“He wished passionately for oblivion, to be at rest, to be dead” (87).
“The moment the Om reached his consciousness and he recognized his wretchedness and his crime” (89).
“He only knew that his previous life [...] was finished, that it was so full of nausea and wretchedness that he had wanted to destroy it, but that he had come to himself by a river” (90).
As Siddhartha stares into the river, he contemplates his life purpose and thinks back upon how he has wasted many years. He then wishes to drown himself and end it all, showing his greatest challenge or the abyss.
“Siddhartha saw that Govinda did not recognize him" (91).
“Govinda had also aged, but he still showed the old characteristics in his face -- eagerness, loyalty, curiosity, anxiety” (91).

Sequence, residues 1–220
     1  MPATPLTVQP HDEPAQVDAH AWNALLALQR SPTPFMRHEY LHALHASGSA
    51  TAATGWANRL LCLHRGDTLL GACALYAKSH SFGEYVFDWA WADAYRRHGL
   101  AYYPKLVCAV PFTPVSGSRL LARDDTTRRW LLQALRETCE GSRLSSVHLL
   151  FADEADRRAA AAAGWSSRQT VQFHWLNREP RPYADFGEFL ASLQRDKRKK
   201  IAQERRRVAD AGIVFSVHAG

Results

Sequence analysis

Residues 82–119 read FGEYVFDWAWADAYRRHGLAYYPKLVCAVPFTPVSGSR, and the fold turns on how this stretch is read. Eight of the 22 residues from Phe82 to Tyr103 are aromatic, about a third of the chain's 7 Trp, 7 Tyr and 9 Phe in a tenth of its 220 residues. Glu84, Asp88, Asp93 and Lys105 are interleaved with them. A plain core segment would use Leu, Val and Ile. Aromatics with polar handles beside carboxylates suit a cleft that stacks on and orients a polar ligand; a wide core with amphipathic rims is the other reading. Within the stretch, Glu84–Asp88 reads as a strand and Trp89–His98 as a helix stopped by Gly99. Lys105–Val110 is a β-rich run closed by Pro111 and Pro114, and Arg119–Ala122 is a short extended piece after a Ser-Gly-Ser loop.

Siddhartha hears the word 'Om' in the distance and it immediately calms him. This represents Siddhartha's return to his spiritual self while also saving his life.
“The new Siddhartha felt a deep love for this flowing water and decided that he would not leave it again so quickly” (100).
Siddhartha awakens from his deep sleep, realizing he feels like a new person and internal content. He has now gone through his revelation since he "looked at the world as a new man" (90).
Govinda had been watching over Siddhartha while he slept, but managed to fall asleep as well. When they wake up, Siddhartha immediately recognizes Govinda, while Govinda does not recognize Siddhartha. This could show how Govinda is still the same person he was before while Siddhartha has been reborn into a new person.
After Govinda departs back to the other monks, Siddhartha looks out across the water contemplating his life. He is at one with his new self and realizes that everything in his past happened for a reason. Every part of his path led to his enlightenment.